Capt. Mike Wittich said he didn’t originate his rig; instead, it was shown to him by a friend of a friend whose friend originated it.
But, basically, its 3 feet of 40-pound-test monofilament leader tied to a barrel swivel on one end and a small treble hook on the other.
About 6 inches below the swivel, he attaches a weighted hard-plastic Cajun cork, and about 8 inches or so above the hook he clamps on a split shot.
Then, to attract predatory fish to his bait, he threads two small red beads to his line before he ties on the treble hook.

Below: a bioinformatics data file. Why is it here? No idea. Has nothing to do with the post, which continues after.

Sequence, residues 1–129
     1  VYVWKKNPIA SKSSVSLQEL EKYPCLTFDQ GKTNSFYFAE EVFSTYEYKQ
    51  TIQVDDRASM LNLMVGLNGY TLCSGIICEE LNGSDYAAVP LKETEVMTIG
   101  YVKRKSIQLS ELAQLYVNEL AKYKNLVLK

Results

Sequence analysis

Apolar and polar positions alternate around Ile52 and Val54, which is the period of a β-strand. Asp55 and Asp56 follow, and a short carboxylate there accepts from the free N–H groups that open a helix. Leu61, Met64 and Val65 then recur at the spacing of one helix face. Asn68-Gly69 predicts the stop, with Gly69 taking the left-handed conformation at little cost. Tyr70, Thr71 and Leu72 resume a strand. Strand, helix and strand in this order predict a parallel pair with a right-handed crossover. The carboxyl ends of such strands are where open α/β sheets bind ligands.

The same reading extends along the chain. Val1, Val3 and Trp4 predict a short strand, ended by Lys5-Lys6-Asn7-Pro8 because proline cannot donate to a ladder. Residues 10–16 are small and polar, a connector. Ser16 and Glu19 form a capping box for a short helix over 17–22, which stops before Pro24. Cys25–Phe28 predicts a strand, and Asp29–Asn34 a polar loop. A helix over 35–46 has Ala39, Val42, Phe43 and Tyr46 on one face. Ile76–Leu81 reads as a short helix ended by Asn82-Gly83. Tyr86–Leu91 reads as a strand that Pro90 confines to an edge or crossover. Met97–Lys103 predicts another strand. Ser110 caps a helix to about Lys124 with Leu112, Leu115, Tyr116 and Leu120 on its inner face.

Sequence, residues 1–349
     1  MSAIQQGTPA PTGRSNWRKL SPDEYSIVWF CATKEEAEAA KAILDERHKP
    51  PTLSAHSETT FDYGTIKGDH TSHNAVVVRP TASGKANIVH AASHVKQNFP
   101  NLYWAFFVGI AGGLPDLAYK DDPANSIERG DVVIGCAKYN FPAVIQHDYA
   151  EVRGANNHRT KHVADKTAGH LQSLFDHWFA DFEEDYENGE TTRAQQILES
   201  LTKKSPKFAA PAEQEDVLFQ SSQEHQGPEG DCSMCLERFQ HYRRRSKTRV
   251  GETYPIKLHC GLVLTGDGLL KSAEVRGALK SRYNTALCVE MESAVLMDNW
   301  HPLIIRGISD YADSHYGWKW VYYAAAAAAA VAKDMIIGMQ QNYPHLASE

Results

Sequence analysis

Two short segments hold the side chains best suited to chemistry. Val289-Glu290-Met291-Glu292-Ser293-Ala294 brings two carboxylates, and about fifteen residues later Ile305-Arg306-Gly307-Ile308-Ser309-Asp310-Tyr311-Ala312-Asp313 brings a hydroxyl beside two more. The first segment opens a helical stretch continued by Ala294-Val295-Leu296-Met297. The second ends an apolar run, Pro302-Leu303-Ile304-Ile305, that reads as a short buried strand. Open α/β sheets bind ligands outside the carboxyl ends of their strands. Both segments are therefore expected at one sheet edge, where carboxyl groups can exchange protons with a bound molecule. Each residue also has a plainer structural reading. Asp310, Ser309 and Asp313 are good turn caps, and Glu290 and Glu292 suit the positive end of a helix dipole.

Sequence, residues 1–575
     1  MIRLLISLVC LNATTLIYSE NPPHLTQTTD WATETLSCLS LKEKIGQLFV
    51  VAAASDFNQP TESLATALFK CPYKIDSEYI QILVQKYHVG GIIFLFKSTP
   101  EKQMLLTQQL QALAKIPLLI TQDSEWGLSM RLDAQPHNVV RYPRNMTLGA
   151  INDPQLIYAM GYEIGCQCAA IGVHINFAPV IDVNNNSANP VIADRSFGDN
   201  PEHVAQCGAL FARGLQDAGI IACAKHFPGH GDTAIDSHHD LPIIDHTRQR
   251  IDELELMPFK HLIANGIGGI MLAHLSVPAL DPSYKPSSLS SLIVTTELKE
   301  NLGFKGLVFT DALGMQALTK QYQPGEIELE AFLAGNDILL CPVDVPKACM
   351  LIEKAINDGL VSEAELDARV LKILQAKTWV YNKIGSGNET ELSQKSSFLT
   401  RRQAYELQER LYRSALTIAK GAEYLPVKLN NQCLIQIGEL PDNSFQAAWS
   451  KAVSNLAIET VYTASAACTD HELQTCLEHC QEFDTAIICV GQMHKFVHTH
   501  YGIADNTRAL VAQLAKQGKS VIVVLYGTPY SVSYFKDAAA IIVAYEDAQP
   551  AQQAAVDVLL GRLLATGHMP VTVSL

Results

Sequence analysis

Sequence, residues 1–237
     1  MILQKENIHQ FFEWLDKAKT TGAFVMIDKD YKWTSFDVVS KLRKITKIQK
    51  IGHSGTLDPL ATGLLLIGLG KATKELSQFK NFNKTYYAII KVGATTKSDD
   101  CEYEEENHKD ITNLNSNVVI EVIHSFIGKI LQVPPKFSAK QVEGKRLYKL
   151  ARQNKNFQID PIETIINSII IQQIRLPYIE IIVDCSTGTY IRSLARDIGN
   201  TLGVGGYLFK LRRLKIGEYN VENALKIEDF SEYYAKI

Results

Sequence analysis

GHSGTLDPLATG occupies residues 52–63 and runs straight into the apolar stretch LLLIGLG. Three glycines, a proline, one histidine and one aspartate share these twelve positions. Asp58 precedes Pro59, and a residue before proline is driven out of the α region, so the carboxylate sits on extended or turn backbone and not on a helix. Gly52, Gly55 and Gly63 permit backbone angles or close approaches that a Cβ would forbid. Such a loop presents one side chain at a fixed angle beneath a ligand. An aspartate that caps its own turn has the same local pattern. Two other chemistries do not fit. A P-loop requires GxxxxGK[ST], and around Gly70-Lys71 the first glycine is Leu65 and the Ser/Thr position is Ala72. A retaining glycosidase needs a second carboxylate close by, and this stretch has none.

And he fishes the rig on a Shimano Chronarch baitcasting reel.
Me, I quit fishing with corks on baitcasters long ago. I realized, after uncountable bird nests that spinning reels were perfect for cork rigs, and bait-casters were good for everything else.
But Wittich said he fishes this rig all the time for specks and reds and never bird-nests, even when casting into the wind.
So I tried it, and I liked it. The heavy plastic cork gives you plenty of weight for making long casts and, yes, I caught fish on it. And, no, I didn’t bird-nest.
At least not that day.